Albert Einstein is reputed to have said:
“Compound interest is the eighth wonder of the world. He who understands it, earns it … he who doesn’t … pays it.”
Whether he did or didn’t say this, interest has rather an interesting role to play in our lives.
Firstly, let us work out what compound interest is.
When you put money in the bank or savings deposit, the bank pays you a certain amount back on that amount. For example, assume you deposit R10,000 into a savings account that pays you 5% interest per year. Your interest payment for the year is R500. This might not sound like a lot. However, look what happens now.
Compound interest is interest on interest on interest. It’s the interest calculated on the initial principal amount, but also includes all the accumulated interest.
Let’s go back to the original example. You have saved R10,000 and it is in a savings account that earns you 5% interest per year. At the end of year 1, you have R10,500. In year 2, instead of only earning interest on R10,000,you earn interest on R10,500. So, you earn R525 which you add to your savings account and you now have R11,025 in the bank. At the end of year 3, you earn interest on the amount R11,025 which is R551 and now you have R11,576 in your bank account.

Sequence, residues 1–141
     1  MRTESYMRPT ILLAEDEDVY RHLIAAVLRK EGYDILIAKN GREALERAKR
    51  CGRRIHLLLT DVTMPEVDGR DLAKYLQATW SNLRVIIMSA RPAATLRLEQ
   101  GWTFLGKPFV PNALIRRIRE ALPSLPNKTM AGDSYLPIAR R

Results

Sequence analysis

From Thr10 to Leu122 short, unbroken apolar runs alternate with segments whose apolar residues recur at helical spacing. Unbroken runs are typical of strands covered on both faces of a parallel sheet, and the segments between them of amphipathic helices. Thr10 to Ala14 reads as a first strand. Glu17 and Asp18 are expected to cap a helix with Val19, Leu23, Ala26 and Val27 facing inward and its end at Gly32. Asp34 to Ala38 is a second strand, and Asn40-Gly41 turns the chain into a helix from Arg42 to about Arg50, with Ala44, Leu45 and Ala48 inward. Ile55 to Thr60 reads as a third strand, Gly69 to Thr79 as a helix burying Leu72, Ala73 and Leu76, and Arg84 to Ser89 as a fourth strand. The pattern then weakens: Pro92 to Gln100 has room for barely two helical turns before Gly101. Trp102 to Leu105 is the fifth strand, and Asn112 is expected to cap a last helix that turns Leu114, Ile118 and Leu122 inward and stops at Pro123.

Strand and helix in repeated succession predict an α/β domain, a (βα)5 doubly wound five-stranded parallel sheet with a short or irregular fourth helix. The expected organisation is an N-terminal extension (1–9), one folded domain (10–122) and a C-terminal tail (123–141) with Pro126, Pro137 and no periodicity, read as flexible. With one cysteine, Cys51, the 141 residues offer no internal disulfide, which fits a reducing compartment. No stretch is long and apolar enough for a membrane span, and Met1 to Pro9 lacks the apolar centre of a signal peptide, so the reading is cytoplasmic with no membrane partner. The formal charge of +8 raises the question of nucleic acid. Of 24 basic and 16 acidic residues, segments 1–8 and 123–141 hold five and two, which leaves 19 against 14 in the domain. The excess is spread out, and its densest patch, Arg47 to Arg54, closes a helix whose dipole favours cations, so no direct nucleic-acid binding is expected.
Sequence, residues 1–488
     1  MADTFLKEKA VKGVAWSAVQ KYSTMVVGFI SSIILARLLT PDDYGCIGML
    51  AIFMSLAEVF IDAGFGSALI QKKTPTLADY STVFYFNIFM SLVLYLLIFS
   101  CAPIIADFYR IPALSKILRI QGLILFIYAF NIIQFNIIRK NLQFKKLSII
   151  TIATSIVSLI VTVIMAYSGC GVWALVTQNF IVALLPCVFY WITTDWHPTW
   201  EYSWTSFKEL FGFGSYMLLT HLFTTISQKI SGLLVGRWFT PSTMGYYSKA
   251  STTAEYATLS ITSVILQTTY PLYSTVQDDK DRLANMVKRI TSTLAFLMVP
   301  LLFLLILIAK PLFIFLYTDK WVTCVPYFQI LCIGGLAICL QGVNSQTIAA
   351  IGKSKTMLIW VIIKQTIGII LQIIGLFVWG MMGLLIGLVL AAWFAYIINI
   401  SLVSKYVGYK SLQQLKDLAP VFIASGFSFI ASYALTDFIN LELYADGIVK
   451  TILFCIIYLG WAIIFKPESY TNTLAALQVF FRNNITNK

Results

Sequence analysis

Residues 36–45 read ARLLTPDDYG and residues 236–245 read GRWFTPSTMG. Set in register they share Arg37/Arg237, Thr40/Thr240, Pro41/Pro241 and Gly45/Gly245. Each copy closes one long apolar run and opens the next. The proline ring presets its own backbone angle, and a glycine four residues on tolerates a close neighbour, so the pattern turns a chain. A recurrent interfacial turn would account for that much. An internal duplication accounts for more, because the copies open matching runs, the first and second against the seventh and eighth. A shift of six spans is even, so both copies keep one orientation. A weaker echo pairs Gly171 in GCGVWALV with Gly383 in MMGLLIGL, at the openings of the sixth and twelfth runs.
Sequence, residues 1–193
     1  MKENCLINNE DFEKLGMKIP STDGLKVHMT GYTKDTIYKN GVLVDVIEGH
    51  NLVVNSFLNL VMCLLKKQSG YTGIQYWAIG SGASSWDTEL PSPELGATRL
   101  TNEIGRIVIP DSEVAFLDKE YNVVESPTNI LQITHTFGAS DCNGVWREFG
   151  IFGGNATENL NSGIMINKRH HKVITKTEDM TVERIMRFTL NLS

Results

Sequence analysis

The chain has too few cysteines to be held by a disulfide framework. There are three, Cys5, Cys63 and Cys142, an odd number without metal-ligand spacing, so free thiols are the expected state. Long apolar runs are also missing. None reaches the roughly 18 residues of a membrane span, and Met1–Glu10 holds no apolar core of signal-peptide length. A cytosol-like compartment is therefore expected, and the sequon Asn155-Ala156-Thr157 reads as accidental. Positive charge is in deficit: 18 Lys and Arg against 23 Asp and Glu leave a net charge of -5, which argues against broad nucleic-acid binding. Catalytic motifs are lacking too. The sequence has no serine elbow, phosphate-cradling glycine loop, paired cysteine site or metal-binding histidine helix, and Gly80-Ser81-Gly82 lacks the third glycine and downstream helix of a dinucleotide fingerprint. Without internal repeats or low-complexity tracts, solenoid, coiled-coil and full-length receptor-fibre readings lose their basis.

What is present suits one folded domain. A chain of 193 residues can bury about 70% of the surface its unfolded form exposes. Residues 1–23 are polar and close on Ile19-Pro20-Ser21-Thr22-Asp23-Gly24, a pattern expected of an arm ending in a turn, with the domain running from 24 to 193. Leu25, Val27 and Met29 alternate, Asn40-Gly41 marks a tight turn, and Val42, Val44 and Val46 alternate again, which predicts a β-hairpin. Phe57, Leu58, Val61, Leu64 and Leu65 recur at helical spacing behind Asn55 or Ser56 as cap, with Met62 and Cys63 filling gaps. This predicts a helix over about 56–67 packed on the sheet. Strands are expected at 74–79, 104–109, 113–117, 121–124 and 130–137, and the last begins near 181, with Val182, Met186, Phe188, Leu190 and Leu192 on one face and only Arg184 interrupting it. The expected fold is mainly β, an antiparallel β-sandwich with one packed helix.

This still might not sound like the 8th wonder of the world.
The Key Requirement for Generating Compound Interest is TIME
Each time you earn interest on interest, you are earning exponential growth. Each year you earn more than the year before, the rate that your bank account increases by each year is more and more. So if you allow the R10,000 to compound for 20 years at 5% per annum, you would have R26,533. If you allow R10,000 to compound for 30 years at 5% per annum you would have R43,219.
Don’t take our word for it, try it out for yourself. There are some great savings calculators online. Something to have a look at is if you added an extra R100 each month to your savings account on top of the R10,000 you originally saved. Try out different starting amounts, interest rates, and over different periods of time to give you a real sense of what compound interest can do.